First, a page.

Nordea downgrade reveals inconsistency in SFDR classification of DE&I funds

Gender fund downgrades from Article 9 as market participants flag issues with diversity strategies.

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Nordea Asset Management (NAM) has expanded the investment universe of its Global Gender Diversity Fund to focus on engagement and other DE&I factors, but the resulting downgrade from Article 9 reveals uncertainty about the classification of these thematic funds under SFDR.

While the Global Diversity Engagement Fund – changes to which will become effective as of 31 August – has been downgraded to Article 8 from Article 9 under the SFDR, NAM has committed to maintaining a minimum proportion of 50 percent of the fund in sustainable investments. This is a decline from an 85 percent commitment made in disclosures last year.

Nordea said the decision to broaden the investment universe had been made in response to “societal demands for change to improving diversity and inclusion beyond just gender representation”.

It added that the new strategy aims to capture a broader range of companies in the early stages of their DE&I development. “The investment process will stay the same, but engagement with investee companies will become a core component of the strategy.”

The fund’s top five holdings are currently Microsoft, Apple, Nvidia, Eli Lilly and Novo Nordisk. Only two of the top 15 holdings are non-US companies.

NAM declined to provide further detail on the reasons for the shift, the future stewardship direction, or the downgrade from Article 9.

Diversity funds

Nordea’s fund is part of a small universe of diversity funds subject to SFDR.

Alliance Bernstein, M&G and Fineco Asset Management have Article 9 diversity funds, while Germany’s Ampega, Italy’s Anima, Lyxor and UBS have Article 8 funds. The two latter are ETFs tracking Solactive Equileap indexes.

They are joined at Article 6 level by a BNP Paribas gender equality fund and an iShares inclusion and diversity ETF, which was downgraded from Article 8 last year.

Some of the funds have also attracted substantial investment. The UBS ETF has €745 million in assets and the Nordea fund has €250 million.

However, Morningstar’s director of investment stewardship and research, Lindsey Stewart told Responsible Investor that SFDR “doesn’t really lend itself all that well to tackling issues outside of climate and environment”.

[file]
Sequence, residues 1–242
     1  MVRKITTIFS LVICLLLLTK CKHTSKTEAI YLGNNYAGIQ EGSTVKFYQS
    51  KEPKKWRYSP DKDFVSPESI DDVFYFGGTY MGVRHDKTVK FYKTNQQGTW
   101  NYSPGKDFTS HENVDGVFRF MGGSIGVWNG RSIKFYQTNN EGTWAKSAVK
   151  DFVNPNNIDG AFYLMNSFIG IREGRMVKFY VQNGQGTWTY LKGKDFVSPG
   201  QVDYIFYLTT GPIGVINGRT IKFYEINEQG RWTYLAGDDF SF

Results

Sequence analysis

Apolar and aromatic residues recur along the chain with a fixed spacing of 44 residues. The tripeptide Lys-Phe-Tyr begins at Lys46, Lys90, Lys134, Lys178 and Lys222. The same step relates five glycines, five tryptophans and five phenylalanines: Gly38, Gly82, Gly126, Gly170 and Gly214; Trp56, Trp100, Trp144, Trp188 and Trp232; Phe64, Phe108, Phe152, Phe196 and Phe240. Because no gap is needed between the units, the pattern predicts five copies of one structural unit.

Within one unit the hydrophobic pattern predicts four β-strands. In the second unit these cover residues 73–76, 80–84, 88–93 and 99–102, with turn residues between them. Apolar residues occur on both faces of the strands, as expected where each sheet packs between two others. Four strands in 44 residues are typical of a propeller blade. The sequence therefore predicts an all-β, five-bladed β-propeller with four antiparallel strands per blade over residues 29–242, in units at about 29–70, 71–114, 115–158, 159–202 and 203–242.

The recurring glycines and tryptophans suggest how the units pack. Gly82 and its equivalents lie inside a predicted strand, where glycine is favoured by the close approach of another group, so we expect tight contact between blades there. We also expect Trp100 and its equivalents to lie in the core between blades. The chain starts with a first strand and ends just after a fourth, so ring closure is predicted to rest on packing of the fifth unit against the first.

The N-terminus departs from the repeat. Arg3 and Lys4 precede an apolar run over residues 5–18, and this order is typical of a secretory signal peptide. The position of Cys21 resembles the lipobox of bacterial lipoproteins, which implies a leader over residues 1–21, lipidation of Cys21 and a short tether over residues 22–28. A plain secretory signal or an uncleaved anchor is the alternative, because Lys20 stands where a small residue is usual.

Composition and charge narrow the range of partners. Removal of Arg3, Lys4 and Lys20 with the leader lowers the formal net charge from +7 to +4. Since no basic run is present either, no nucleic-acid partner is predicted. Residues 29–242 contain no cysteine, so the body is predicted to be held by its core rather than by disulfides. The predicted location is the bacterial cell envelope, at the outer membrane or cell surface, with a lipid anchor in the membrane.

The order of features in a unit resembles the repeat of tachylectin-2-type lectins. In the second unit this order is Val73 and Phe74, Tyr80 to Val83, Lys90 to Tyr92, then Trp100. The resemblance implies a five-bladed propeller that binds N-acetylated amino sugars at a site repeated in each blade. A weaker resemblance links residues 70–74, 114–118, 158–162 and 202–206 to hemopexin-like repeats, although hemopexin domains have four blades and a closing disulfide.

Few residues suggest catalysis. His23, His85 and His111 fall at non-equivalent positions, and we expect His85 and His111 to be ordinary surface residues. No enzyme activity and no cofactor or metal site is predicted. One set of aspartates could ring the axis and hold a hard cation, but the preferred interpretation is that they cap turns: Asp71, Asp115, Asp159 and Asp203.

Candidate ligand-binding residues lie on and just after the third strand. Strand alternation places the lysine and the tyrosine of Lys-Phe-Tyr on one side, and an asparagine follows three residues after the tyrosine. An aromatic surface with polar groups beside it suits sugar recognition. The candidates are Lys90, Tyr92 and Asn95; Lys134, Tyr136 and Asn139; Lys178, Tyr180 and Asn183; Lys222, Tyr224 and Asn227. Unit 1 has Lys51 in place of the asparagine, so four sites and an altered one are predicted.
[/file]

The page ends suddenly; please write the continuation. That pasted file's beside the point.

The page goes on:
“Only a couple of principal adverse impact (PAI) indicators are directly related, and they’re both on gender equity,” he said. Funds are required to report the average gender pay gap and percentage of female board members at investee companies.

“We’ve seen some disclosures from managers on how they’re addressing those PAIs,” Steward added, “but without a wider framework or a social taxonomy, it is difficult for managers to decide exactly where they should place their funds, because they have to be very specific about metrics and intentions on how they’re classifying these funds”.

Anders Rodenberg, CEO of DE&I data provider Denominator, added that diversity funds do not necessarily perform equally well on different diversity metrics.

“The problem with some diversity funds is they are often good performers on gender, but not necessarily on all other diversity metrics,” he said. “Calling a strategy a diversity fund if it’s mainly a gender fund goes into the dangerous territory of mislabelling.”

He added: “Within the industry, we’ve seen gender funds which are good performers on gender, but when you look at their performance on race and ethnicity, or other DE&I metrics, you find bottom quartile or below average performance.”

DE&I engagement

Stewart said that DE&I engagement should follow the template of any environmental stewardship programme.

“There’s a need to demonstrate why the issue is financially material,” he said. “It’s a case of setting what objectives you want to achieve, what milestones you want to hit, which companies you’ll be targeting, and really demonstrating that companies are moving towards the outcome that you’re seeking or escalating by voting against responsible directors or possibly reducing stake or exiting.”

He added that in different jurisdictions, different aspects of diversity will inevitably attract varying degrees of attention.

“Because of the legacy of racial equity issues in the US, there’s a lot more focus on both gender and race,” he said. “In terms of European proxy voting activity and engagement, there is not so much focus on anything outside of gender due to data restrictions.”